According to the U.N.’s 1951 Refugee Convention, a refugee is a person who has “a well-founded fear of being persecuted for reasons of race, religion, nationality, membership of a particular social group or political opinion” in his home country.
When one thinks of countries where such fears are common, North Korea, China, Syria, Iran, Yemen, Laos, Ethiopia, Bahrain, Azerbaijan, Tajikistan, Libya, Sudan, Uzbekistan, Somalia, and Saudi Arabia might come to mind. France almost certainly would not, yet each year, several thousand migrants flee from there across the 20-mile English Channel in dinghies, seeking asylum in Britain.
This has become a hot-button political issue in the U.K. The British public has expressed a desire for more tightly controlled borders in direct polling on the question, and such sentiment played a key part in the vote to leave the European Union. A YouGov survey carried out last Tuesday found that 27 percent of Britons have “no sympathy at all” and 22 percent of them have “not much sympathy” for the migrants who travel across the Channel.
There is real appetite for swift and decisive government action. Last week, Prime Minister Boris Johnson called the journey these migrants make not only unnecessary but “stupid,” “dangerous,” and “criminal.” Johnson is right that the people who benefit most from the migration are people smugglers, who charge thousands of dollars for passage in often-unseaworthy vessels. He wants to put a stop to it, as does his home secretary, Priti Patel.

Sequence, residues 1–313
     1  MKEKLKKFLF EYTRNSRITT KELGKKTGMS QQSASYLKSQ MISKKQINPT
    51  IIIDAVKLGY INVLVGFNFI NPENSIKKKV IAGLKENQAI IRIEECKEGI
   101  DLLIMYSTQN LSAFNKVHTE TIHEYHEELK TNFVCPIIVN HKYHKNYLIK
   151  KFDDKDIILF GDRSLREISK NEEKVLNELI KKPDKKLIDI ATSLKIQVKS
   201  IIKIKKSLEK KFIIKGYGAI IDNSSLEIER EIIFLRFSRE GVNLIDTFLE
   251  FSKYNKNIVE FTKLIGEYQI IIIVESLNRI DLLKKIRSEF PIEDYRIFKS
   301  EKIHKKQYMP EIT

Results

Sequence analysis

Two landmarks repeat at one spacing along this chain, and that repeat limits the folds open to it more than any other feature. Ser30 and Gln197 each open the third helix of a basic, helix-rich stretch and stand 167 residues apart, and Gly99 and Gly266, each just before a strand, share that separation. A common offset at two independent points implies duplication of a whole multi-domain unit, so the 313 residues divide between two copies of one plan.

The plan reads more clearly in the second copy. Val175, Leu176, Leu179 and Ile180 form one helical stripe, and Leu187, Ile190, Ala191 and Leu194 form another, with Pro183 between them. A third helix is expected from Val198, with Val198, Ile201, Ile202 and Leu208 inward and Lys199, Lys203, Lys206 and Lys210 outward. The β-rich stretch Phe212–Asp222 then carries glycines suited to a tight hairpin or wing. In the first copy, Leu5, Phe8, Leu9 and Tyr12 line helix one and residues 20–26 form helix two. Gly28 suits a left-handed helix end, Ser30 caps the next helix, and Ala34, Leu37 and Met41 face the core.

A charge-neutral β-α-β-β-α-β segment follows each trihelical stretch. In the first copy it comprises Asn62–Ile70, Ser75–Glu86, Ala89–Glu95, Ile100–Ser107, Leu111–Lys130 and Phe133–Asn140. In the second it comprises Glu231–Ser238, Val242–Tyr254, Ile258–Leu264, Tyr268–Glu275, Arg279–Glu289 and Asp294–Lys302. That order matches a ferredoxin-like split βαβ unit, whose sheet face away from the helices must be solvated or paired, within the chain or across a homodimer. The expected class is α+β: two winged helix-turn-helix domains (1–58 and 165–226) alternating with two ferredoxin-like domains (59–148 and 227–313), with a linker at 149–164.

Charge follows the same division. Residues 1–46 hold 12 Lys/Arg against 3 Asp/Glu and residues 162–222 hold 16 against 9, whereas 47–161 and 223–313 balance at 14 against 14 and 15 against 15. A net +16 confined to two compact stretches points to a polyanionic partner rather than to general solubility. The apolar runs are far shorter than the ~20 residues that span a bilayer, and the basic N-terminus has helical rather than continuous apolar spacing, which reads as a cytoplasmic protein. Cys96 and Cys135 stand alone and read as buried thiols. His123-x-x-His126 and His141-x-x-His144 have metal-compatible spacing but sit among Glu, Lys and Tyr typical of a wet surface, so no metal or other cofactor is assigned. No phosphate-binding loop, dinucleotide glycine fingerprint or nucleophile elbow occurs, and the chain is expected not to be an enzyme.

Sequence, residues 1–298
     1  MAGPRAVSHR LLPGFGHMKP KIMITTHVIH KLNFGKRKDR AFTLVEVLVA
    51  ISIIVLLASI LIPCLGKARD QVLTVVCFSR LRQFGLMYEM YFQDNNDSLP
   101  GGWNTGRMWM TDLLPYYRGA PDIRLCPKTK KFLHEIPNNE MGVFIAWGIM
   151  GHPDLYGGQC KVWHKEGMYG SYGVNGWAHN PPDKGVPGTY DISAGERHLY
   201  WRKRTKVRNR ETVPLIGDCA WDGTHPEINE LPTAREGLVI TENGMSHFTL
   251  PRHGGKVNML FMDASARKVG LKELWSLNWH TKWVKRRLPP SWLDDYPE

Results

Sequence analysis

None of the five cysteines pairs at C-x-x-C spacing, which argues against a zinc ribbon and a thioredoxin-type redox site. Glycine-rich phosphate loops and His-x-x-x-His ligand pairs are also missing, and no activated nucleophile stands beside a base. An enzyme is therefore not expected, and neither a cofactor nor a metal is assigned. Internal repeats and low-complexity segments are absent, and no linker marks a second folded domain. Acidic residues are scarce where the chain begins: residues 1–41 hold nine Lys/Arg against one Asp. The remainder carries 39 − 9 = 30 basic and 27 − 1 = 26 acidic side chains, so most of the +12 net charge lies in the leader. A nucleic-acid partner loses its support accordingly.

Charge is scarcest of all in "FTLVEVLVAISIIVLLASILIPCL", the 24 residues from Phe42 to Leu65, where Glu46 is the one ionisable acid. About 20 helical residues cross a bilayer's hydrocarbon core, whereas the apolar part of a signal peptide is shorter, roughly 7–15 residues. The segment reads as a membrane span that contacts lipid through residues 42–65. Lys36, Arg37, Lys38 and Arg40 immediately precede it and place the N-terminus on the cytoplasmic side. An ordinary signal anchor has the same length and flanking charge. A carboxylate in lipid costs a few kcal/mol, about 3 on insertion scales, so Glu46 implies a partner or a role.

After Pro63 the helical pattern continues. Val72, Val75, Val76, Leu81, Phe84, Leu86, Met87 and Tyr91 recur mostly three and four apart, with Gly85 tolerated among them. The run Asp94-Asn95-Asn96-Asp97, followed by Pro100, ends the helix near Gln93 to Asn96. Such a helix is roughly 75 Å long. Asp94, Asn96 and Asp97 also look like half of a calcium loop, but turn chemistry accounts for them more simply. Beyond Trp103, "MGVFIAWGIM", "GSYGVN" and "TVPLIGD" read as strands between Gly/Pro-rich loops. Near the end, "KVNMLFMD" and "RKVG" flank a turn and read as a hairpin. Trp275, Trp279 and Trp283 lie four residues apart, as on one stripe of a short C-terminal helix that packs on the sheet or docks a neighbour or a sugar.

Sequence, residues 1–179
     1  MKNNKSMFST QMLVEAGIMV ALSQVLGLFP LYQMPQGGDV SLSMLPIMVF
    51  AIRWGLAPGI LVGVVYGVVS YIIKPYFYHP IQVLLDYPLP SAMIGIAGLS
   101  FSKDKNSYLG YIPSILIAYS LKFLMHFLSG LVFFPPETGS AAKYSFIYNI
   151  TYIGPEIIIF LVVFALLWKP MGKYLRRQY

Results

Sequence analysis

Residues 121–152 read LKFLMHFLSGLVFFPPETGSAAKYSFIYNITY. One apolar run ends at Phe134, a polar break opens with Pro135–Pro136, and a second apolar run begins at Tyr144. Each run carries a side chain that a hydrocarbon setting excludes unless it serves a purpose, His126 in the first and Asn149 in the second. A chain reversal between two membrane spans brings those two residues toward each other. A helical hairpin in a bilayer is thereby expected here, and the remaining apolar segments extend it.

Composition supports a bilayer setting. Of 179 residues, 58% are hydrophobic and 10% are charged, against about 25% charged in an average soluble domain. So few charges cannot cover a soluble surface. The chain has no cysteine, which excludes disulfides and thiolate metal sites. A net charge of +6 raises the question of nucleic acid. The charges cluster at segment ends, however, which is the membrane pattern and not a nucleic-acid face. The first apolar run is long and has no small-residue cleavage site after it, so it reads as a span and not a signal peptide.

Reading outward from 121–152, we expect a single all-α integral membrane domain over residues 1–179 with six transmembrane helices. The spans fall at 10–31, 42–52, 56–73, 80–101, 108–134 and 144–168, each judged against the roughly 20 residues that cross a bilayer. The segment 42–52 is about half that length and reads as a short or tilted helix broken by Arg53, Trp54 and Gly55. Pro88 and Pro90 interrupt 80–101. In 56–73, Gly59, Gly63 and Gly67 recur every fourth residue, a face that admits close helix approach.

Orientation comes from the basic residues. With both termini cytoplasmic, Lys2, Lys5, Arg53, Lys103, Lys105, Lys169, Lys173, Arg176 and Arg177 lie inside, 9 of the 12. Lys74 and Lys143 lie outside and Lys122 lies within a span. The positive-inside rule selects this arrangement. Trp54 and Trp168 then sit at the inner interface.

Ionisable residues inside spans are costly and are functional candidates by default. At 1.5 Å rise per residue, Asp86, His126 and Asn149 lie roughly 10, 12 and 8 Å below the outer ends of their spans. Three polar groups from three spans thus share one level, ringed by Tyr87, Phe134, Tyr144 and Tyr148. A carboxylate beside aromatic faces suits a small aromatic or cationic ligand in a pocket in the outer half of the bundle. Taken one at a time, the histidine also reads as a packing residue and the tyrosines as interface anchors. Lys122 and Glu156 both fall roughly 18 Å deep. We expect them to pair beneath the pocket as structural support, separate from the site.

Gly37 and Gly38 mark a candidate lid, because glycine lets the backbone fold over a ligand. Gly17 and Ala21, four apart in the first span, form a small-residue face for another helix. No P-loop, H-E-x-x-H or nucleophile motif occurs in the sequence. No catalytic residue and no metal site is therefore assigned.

Unfortunately, there are two major obstacles standing in their way. First, without the cooperation of France, it is difficult to stop migrants from sailing to Britain. Second, without major changes to the U.K.’s immigration laws, it is even more difficult to send them back.
Both problems are complicated by Brexit. Indeed, much to Remainers’ delight, leaving the European Union might actually make it more difficult for Britain to deal with the problem in the short term. While Britain was part of the European bloc, asylum seekers who crossed the Channel could be sent back to their first country of entry under the Dublin Convention. Now, having left the EU, Britain will have to adapt its legal system as well as its immigration policy. In this regard, the Conservative immigration minister, Chris Philip, seems hopeful. He has promised a “new comprehensive action plan” and reassured the public that both Britain and France have “renewed and reaffirmed their absolute commitment to make sure this border is properly policed and this route is completely ended.” But he has yet to make the specific details of his master plan clear.
The rights of migrants once they arrive on British soil are not insignificant. Lily Parrott, a lawyer representing migrants who come from France, has said that “whether the government likes it or not, under British and international law people are allowed to migrate for the purpose of seeking asylum — even if it means they have to use ‘irregular’ routes.” Johnson has said he intends to correct “the panoply of laws that an illegal immigrant has at his or her disposal that allow them to stay here.” No one should envy him that task.